Intended for healthcare professionals

Practice Rational Testing

Diagnosing active tuberculosis in primary care

BMJ 2021; 374 doi: https://doi.org/10.1136/bmj.n1590 (Published 01 July 2021) Cite this as: BMJ 2021;374:n1590
  1. Ruvandhi R Nathavitharana, assistant professor of medicine1,
  2. Dolores Freire Jijon, assistant professor2 3,
  3. Pankaj Pal, fellow in infectious diseases1,
  4. Saurabh Rane, programme officer4 5
  1. 1Division of Infectious Diseases, Beth Israel Deaconess Medical Center and Harvard Medical School, Boston, MA, USA
  2. 2Universidad de Guayaquil, Guayaquil, Ecuador
  3. 3Division of Pediatric Infectious Diseases, University of Alberta, Edmonton, Canada
  4. 4Wadhani Institute for Artificial Intelligence, Mumbai, India
  5. 5Survivors Against TB, India
  1. Correspondence to RR Nathavitharana rnathavi{at}bidmc.harvard.edu

What you need to know

  • Consider active TB disease in patients with cough, fever, night sweats, weight loss, or fatigue in settings with a high incidence of disease, or in patients without symptoms who have epidemiological risk factors such as HIV, particularly in countries with a high incidence

  • Chest radiography is a valuable screening tool to determine which patients should be referred for TB diagnostic testing

  • Testing for active TB should prioritise microbiological diagnosis with rapid, high sensitivity molecular tests, such as nucleic acid amplification assays (eg, Xpert MTB/RIF or Xpert Ultra). Mycobacterial culture remains the reference standard, but is slow to return results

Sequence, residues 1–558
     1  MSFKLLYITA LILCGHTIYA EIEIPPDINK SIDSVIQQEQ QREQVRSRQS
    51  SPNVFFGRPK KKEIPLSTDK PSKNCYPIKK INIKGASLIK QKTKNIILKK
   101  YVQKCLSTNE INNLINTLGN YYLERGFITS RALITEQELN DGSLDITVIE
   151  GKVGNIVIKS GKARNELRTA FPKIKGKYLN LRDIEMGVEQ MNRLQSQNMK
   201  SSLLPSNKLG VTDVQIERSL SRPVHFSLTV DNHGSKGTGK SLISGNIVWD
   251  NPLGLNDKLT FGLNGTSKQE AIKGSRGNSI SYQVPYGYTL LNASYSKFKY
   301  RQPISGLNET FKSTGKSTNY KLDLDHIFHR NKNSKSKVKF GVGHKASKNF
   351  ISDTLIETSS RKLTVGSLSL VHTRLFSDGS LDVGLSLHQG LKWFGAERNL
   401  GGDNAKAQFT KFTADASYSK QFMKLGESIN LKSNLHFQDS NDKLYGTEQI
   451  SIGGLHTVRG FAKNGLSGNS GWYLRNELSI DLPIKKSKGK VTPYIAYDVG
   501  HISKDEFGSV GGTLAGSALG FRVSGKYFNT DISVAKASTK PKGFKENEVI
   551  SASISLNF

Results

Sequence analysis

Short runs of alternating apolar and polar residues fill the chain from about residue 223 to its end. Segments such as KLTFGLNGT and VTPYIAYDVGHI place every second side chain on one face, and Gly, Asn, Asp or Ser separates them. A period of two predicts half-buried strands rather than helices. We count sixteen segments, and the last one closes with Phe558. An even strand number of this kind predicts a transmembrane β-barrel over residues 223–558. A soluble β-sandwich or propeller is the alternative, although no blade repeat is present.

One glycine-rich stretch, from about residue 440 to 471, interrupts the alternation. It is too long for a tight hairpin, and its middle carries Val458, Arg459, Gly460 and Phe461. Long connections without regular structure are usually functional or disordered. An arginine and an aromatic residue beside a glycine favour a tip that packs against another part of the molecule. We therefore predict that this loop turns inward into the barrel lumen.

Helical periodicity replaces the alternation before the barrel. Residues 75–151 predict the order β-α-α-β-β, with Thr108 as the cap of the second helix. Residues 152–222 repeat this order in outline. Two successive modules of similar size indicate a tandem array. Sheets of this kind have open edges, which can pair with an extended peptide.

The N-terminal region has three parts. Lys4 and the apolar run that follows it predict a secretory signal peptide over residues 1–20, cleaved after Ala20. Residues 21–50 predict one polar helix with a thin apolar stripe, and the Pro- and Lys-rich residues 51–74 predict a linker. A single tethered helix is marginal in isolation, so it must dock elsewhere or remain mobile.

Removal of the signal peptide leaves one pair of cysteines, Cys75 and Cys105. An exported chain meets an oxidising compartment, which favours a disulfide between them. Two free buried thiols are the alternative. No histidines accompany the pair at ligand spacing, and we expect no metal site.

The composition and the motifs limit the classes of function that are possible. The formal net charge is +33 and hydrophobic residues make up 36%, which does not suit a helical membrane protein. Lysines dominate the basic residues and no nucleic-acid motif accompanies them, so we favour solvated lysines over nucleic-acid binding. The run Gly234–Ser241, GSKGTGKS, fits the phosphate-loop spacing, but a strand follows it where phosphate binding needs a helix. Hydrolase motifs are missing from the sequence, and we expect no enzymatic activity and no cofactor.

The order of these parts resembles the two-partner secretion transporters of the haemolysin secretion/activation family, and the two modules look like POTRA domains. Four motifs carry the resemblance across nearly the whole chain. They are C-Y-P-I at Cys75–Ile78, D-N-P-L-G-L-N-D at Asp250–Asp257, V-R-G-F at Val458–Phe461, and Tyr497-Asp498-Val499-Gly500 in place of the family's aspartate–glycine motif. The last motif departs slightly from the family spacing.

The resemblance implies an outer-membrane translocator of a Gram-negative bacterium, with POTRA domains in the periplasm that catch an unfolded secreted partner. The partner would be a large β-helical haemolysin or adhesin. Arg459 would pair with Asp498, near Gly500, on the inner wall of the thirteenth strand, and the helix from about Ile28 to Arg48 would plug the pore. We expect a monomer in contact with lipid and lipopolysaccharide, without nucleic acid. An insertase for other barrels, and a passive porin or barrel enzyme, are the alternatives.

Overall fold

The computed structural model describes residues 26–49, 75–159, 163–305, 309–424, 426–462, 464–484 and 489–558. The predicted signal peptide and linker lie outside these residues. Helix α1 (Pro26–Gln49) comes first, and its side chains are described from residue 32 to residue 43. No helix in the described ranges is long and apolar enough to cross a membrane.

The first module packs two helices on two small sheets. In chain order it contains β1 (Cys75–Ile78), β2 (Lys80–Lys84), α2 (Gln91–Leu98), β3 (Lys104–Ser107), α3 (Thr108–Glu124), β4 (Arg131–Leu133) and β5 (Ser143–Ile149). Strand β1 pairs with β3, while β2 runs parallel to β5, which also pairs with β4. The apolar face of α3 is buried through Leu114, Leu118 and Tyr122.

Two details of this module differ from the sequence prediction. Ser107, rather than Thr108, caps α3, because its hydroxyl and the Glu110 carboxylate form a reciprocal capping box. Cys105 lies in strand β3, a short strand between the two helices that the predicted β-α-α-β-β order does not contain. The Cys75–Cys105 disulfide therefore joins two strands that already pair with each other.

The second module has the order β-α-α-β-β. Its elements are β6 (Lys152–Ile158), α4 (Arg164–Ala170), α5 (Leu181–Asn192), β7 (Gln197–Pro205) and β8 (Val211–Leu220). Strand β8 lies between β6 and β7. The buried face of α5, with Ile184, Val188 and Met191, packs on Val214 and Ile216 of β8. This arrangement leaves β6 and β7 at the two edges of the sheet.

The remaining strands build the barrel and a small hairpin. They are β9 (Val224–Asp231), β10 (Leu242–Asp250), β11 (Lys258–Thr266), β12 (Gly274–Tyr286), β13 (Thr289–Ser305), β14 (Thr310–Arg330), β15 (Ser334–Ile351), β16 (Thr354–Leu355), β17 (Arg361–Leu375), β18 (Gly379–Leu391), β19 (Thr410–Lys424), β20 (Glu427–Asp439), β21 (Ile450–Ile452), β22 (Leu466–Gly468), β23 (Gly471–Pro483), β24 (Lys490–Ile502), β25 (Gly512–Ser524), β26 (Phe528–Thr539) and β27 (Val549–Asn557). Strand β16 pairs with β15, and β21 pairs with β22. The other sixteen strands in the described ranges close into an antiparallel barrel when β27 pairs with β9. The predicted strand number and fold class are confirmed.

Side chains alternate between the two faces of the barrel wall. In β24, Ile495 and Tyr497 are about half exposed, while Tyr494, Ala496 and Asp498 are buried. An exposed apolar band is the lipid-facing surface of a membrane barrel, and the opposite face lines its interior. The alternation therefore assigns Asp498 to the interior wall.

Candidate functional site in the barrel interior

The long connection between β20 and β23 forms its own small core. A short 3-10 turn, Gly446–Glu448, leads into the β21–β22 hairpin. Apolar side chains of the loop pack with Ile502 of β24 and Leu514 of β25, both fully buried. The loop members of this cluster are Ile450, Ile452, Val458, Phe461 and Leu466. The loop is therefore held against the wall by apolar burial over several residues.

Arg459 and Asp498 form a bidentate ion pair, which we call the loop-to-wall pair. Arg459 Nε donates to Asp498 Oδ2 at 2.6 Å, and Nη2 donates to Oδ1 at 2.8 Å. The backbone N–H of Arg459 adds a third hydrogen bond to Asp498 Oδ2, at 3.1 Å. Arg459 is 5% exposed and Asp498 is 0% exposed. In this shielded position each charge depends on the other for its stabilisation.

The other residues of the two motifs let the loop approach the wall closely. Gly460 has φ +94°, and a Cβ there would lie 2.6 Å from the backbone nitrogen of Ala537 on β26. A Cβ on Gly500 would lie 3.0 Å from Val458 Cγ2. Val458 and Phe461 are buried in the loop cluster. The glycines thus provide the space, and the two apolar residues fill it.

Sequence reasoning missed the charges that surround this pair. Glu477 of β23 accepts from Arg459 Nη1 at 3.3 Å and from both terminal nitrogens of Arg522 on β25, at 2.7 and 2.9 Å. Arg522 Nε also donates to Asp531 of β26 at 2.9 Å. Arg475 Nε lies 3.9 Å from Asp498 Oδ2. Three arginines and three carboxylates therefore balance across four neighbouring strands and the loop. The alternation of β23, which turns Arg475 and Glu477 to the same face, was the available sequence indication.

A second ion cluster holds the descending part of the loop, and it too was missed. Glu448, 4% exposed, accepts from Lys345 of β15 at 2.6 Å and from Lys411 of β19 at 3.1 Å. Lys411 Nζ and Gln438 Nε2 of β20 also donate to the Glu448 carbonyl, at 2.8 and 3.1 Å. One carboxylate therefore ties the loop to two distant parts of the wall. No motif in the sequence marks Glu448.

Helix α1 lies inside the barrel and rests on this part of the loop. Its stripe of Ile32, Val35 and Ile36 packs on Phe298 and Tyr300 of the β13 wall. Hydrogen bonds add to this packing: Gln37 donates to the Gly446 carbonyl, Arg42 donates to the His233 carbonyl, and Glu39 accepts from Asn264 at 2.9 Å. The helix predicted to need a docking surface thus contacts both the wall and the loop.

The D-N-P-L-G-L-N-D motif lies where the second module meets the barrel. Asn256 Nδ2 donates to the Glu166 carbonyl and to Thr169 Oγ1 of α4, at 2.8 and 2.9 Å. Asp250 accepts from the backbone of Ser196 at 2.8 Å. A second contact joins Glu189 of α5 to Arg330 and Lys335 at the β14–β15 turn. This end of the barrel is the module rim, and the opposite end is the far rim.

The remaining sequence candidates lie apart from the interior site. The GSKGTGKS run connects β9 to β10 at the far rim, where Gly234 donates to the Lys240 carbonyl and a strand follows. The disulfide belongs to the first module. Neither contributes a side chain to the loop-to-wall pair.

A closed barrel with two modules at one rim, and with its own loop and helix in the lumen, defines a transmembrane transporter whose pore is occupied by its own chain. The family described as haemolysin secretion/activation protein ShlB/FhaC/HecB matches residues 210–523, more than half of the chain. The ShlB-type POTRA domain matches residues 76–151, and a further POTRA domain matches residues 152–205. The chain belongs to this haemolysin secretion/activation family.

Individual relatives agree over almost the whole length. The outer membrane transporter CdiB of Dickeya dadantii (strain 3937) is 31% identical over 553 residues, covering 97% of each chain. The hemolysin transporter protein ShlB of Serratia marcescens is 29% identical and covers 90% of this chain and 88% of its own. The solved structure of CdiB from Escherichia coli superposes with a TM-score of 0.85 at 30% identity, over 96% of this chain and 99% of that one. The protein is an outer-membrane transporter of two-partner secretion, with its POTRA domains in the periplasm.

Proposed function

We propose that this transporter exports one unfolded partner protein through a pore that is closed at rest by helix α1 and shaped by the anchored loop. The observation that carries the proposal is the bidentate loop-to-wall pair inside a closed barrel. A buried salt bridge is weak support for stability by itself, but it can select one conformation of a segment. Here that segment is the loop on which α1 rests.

• Smear microscopy has low sensitivity and should not be relied on if nucleic acid amplification tests or culture are available

  • Refer patients to a TB specialist when concern for TB remains despite negative diagnostic test results, particularly in the absence of an alternative likely diagnosis

A 58 year old transportation worker in India with uncontrolled diabetes (HbA1c 97 mmol/mol) presents with a three month history of productive cough and decreased energy level. He has been treated empirically for community acquired pneumonia twice without improvement in symptoms.

A 24 year old student who arrived in Canada from the Philippines three years ago presents with a two month history of bilateral multiple enlargedcervical lymph nodes.

Of the 10 million people who develop active tuberculosis (TB) disease each year, approximately three million are not identified by national TB care programmes and many are undiagnosed.1 Diagnostic delays are common in both low and high resource settings2 and lead to worse individual outcomes and ongoing transmission.34 Patients often see several healthcare providers before the disease is diagnosed.56 TB most commonly presents with pulmonary involvement, but can present in a number of ways, most commonly lymphadenitis, pleural effusions, and …

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